Publication details for Dr Beng Huat SeeGorard, S., See, B. & Siddiqui, N. (2020). What is the evidence on the best way to get evidence into use in education? Review of Education 8(2): 570-610.
- Publication type: Journal Article
- ISSN/ISBN: 2049-6613
- DOI: 10.1002/rev3.3200
- Further publication details on publisher web site
- Durham Research Online (DRO) - may include full text
Author(s) from Durham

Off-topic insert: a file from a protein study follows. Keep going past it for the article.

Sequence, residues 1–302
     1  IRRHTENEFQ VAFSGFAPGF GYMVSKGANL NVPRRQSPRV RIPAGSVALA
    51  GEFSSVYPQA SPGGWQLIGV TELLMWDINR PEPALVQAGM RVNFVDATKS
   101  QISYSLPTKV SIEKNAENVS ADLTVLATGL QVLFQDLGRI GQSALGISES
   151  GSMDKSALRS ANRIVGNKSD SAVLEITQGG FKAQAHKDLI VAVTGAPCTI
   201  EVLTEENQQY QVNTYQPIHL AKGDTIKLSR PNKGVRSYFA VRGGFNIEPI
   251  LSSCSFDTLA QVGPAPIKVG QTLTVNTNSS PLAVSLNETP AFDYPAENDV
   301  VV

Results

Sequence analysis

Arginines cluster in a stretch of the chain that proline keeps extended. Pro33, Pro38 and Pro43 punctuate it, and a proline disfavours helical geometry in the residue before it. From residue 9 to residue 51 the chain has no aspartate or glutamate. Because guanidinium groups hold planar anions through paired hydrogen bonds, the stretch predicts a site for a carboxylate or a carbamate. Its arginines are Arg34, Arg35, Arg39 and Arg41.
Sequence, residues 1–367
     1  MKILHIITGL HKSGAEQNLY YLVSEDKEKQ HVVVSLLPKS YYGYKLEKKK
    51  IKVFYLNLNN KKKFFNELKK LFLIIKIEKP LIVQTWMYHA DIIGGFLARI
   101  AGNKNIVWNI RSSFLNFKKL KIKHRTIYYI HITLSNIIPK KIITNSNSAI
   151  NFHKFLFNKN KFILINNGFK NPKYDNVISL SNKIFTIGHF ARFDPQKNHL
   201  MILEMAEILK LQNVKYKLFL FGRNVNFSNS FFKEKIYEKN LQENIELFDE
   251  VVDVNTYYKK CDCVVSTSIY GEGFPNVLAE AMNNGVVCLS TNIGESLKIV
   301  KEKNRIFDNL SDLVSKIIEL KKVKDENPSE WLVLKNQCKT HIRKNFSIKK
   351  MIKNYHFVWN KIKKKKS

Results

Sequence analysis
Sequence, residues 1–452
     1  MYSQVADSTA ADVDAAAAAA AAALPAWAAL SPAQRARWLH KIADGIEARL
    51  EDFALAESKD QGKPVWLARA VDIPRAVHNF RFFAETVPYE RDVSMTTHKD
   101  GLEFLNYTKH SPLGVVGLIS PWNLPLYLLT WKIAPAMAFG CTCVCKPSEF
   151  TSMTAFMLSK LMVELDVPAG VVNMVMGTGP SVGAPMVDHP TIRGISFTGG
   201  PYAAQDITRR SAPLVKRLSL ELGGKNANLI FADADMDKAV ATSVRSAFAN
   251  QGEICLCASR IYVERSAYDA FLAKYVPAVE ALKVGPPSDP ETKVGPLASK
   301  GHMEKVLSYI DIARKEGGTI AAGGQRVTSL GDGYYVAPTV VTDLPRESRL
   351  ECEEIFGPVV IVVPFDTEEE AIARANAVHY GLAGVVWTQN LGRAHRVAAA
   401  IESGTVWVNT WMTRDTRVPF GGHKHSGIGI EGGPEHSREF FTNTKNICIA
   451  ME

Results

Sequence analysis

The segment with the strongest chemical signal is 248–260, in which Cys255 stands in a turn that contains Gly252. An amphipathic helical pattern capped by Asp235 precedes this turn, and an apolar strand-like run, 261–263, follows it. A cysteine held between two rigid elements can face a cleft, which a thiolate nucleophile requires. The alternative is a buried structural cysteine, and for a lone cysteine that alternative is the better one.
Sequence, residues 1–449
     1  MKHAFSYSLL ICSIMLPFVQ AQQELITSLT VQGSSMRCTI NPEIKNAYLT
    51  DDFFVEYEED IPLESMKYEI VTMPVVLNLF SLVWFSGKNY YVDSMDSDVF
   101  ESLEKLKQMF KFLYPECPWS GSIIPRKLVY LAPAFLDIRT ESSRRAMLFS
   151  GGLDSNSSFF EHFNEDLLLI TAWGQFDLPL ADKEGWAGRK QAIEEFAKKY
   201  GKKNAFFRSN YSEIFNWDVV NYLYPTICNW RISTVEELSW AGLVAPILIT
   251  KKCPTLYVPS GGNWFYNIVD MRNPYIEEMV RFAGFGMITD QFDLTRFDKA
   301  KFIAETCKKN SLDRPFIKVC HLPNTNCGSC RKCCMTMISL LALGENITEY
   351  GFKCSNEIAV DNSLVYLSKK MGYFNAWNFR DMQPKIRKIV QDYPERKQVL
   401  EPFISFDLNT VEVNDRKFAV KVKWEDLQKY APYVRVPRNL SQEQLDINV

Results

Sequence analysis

For decades there have been calls by concerned stakeholders to improve the quality of education research, and some progress has been made towards creating a more secure evidence base in some areas. More programmes and approaches that have a reasonable evidence base are now also being used in schools (but not in policy, and not necessarily because they have a reasonable evidence base). However, there has been no equivalent improvement in secure knowledge about how best to get that evidence into use, or even what difference it makes when such evidence is used. This paper looks at what little is already known about the different ways to get research evidence into use in education by summarising the results of a large‐scale review of the literature. A total of 323 of the most relevant studies were looked at across all areas of public policy, and judged for quality and contribution. Very few (33) were of the appropriate design and quality needed to make robust causal claims about evidence‐into‐use, and even fewer of these concerned education. This means that despite over 20 years of modest improvement in research on what works in education policy and practice, the evidence on how best to deploy these findings is still very weak. We consider studies in terms of several issues, including whether they look at changes in user knowledge and behaviour, or student outcomes, and how evidence is best modified before use. Providing access to raw research evidence or even slightly simplified evidence is not generally an effective way of getting it used, even if that evidence is presented to users by knowledge‐brokers, in short courses or similar. What is more likely to work for both policy and practice is the engineering of high quality evidence into a more usable format and presenting it actively or iteratively via a respected and trusted conduit, or through population measures such as legislation. Having the users actually do the research is another promising approach. Expecting each individual study they fund to have an impact is not the way forward, as this may encourage widespread use of ineffective or even harmful interventions. Publicly‐funded users, including policy‐makers, should be required to use evidence‐led programmes from those libraries providing them and which are appropriate and relevant to their aims. Research funders should support these approaches, and help to build up libraries of successfully tested programmes. Researchers need to be scrupulous, looking at their new evidence in the context of what is already known and not looking to obtain ‘impact’ from single studies. More and better research is needed on the best routes for evidence‐into‐use. However, the improvements required of all parties are as much ethical in nature as they are technical or scientific.